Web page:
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FGFR1 mediates recombinant thrombomodulin domain-induced angiogenesis.

Authors: Kuo, CH  Sung, MC  Chen, PK  Chang, BI  Lee, FT  Cho, CF  Hsieh, TT  Huang, YC  Li, YH  Shi, GY  Luo, CY  Wu, HL 
Citation: Kuo CH, etal., Cardiovasc Res. 2015 Jan 1;105(1):107-17. doi: 10.1093/cvr/cvu239. Epub 2014 Nov 10.
Pubmed: (View Article at PubMed) PMID:25388665
DOI: Full-text: DOI:10.1093/cvr/cvu239

AIMS: The recombinant epidermal growth factor-like domain plus the serine/threonine-rich domain of thrombomodulin (rTMD23) promotes angiogenesis and accelerates the generation of activated protein C (APC), which facilitates angiogenesis. The aim of this study was to elucidate the molecular mechanisms underlying the angiogenic activity of rTMD23. METHODS AND RESULTS: We prepared rTMD23 and its mutants that did not possess the ability to promote APC generation and investigated their angiogenic activities in vitro and in vivo. rTMD23 mutants promoted proliferation, migration, and tube formation of human umbilical vein endothelial cells in vitro and induced neovascularization in vivo; these effects were similar to those exerted by wild-type rTMD23. To investigate its interaction with rTMD23, Type I fibroblast growth factor receptor (FGFR1) was precipitated along with syndecan-4 by rTMD23-conjugated Sepharose in human umbilical vein endothelial cells and FGFR1-expressing human embryonic kidney 293 cells. Additionally, the kinetics of the interaction between rTMD23 and FGFR1 were analysed using surface plasmon resonance. rTMD23-induced FGFR1 activation and tube formation were inhibited by an FGFR1-specific tyrosine kinase inhibitor, PD173074, or by knockdown of FGFR1 using siRNA technology. We observed an improvement in rat hindlimb recovery in an ischaemic model following rTMD23 treatment, and this was associated with increased neovascularization and FGFR1 phosphorylation. CONCLUSION: rTMD23 induced angiogenesis via FGFR1, a process that is independent of the APC pathway.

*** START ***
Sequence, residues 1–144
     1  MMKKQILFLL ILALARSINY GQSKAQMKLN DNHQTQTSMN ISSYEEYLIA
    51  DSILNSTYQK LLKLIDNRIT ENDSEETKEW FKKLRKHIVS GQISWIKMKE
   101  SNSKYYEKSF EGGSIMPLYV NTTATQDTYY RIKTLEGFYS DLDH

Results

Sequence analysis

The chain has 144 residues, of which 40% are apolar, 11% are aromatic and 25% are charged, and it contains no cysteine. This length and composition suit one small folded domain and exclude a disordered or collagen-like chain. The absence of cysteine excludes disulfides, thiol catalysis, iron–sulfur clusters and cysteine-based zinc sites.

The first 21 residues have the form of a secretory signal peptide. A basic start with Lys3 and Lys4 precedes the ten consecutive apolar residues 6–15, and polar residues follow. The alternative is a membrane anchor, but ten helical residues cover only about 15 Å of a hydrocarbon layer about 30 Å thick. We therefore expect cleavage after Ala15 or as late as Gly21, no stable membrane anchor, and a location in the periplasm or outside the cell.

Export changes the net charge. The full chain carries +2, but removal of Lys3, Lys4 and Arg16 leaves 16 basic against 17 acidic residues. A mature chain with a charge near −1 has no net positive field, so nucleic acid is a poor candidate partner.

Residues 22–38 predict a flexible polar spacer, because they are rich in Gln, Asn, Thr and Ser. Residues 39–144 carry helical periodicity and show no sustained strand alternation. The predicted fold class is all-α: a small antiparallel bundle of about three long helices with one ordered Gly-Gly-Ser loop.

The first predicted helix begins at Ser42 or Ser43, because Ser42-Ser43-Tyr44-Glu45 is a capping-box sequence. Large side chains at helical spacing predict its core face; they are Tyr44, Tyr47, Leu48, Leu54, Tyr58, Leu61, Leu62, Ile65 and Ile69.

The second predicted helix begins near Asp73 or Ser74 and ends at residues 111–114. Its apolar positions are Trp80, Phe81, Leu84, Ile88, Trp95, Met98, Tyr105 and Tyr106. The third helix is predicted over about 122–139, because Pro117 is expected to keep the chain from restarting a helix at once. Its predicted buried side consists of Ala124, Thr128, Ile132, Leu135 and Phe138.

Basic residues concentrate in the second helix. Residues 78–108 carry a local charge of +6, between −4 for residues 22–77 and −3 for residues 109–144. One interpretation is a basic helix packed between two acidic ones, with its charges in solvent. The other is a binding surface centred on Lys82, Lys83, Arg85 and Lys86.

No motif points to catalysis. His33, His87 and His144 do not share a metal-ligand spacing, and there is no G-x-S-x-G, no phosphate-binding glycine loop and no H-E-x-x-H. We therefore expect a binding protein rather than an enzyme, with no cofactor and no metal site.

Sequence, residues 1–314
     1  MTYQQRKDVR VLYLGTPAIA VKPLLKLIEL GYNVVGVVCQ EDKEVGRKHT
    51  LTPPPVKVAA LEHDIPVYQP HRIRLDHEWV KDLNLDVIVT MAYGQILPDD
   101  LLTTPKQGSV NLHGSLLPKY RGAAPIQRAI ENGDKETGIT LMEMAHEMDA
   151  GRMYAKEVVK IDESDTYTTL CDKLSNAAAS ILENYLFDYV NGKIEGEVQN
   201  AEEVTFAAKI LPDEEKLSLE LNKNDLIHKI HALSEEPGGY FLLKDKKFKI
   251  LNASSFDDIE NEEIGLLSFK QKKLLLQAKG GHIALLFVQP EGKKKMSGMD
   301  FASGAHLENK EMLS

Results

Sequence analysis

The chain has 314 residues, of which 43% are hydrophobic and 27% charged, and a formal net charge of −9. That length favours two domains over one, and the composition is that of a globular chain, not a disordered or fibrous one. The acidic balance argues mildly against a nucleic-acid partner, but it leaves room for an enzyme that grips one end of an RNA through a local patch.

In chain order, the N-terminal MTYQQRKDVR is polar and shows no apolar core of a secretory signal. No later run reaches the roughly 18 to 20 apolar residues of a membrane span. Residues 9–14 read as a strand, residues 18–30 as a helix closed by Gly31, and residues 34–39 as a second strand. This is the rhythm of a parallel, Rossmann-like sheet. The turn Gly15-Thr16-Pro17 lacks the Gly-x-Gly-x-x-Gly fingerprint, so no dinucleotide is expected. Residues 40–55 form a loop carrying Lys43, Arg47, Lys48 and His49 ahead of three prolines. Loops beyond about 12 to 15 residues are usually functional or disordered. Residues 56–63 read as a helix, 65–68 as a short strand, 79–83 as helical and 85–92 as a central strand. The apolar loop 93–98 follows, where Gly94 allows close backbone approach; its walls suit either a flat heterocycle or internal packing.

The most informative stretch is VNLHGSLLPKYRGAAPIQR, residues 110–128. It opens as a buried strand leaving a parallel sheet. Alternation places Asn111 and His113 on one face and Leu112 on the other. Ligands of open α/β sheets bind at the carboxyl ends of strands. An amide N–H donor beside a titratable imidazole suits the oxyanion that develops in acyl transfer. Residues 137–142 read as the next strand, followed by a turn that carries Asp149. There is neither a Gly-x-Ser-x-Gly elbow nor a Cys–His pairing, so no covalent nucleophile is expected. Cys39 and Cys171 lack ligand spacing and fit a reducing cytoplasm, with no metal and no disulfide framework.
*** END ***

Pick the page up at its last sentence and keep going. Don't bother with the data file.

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RGD Object Information
RGD ID: 11568031
Created: 2016-12-06
Species: All species
Last Modified: 2016-12-06
Status: ACTIVE


RGD is funded by grant HL64541 from the National Heart, Lung, and Blood Institute on behalf of the NIH.